Friday night found hundreds of motorists stuck in disabled vehicles as a massive snowstorm dumped up to 28” of snow on the Long Island Expressway. Stranded in their cars, many were forced to hunker down for the night without food or water as outside storm winds clocking upwards of 80 mph pummeled their windows.
Others chose to brave the elements and abandon their cars, returning Saturday morning to find their vehicles buried under massive snowdrifts or entirely plowed under. All in all several hundred cars got stuck on the 6-mile stretch.
According to Suffolk County police, travelers began getting stuck on the Long Island Expressway mid afternoon Friday when weather conditions suddenly worsened in the area and traffic became clogged. With visibility drastically reduced, vehicles started backing up. The rapidly accumulating snowfall soon began blocking lanes, making it impossible for motorists to pass other vehicles or to exit the thruway.
Long Island was especially hard hit by the snowstorm, receiving in some areas more than two feet of snow in a relatively short time span.
While no injuries or deaths were reported the disruption caused great apprehension on the part of those stranded, who in some cases were not sure if they would survive the night.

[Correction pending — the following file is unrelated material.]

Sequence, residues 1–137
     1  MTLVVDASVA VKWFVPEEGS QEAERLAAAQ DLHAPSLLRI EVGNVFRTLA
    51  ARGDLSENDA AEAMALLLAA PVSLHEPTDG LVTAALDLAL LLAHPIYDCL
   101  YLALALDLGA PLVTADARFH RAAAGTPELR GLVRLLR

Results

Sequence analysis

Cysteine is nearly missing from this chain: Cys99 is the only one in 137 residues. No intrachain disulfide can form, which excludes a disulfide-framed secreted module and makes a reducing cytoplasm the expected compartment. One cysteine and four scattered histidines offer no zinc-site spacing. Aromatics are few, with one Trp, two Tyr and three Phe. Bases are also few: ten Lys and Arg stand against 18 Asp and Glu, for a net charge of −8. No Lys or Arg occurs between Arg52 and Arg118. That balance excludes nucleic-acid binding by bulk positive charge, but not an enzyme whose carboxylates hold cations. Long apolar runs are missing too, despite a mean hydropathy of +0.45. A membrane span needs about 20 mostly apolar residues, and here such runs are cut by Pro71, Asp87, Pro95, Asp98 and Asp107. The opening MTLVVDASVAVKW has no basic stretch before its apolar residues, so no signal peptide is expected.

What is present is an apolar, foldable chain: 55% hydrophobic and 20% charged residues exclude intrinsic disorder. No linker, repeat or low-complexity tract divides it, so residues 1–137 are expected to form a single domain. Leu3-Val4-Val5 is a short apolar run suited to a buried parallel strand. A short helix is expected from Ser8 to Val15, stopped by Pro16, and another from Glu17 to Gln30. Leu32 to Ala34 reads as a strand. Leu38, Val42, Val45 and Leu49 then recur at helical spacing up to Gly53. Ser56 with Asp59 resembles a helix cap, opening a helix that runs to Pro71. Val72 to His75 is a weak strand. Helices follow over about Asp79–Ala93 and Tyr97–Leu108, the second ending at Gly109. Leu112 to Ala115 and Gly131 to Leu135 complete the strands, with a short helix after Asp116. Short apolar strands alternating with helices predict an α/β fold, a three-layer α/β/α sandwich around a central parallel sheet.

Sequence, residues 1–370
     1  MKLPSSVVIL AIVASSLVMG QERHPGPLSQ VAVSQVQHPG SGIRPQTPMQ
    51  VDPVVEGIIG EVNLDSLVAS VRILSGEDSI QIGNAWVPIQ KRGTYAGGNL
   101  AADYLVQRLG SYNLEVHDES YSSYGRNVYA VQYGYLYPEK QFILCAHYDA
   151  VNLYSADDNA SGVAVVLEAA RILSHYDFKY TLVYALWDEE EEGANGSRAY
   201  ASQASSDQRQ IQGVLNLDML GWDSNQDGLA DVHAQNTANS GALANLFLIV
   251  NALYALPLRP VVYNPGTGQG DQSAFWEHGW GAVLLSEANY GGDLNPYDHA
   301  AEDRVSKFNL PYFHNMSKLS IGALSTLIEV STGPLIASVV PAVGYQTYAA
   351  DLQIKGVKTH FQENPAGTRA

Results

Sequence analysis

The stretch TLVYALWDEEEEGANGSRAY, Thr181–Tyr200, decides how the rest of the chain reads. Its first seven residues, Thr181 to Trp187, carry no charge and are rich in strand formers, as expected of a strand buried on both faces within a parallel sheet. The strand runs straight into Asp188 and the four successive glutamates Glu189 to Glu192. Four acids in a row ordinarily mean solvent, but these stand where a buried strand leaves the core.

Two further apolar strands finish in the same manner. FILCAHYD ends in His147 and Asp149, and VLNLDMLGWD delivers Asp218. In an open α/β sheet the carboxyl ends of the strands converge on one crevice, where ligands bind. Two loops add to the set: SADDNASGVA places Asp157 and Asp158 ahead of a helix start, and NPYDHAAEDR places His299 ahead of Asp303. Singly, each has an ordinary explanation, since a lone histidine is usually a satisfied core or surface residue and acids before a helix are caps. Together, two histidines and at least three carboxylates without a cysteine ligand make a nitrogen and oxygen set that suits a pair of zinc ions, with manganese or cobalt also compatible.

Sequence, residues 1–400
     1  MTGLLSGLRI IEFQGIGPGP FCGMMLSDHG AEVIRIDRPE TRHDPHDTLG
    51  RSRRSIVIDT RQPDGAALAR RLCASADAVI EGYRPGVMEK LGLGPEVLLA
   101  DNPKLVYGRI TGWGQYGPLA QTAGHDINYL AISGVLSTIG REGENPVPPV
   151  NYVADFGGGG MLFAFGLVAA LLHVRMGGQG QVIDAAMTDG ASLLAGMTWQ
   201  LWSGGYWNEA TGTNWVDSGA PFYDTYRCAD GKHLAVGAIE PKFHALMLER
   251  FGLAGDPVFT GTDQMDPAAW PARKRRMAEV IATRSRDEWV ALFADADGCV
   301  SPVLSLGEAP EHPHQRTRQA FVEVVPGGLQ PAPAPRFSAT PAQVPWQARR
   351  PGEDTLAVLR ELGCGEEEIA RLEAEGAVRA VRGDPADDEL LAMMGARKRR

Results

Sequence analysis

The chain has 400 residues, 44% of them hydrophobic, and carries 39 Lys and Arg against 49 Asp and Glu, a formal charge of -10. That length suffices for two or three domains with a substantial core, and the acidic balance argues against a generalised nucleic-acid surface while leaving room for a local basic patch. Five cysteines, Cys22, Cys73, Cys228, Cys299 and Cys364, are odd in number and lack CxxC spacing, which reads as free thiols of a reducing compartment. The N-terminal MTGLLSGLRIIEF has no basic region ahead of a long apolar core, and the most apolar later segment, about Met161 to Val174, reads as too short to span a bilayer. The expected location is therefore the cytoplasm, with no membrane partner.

Saturday morning saw cars littered across the expressway, abandoned on the side or in the middle of the highway, hindering efforts to plow. As snowplows struggled to clear the area, the National Guard deployed teams on snowmobiles to rescue motorists who had been stranded for the night.
Governor Andrew Cuomo, who visited the area and oversaw the cleanup, said more than 300 snowplows as well as other heavy machinery were deployed.
By comparison, the snowstorm caused relatively little damage in New York City whose citizens went about their business, albeit in slushy conditions.
By early this morning things were getting back to normal as road crews worked in below-zero temperatures to clear the freeway and exit ramps.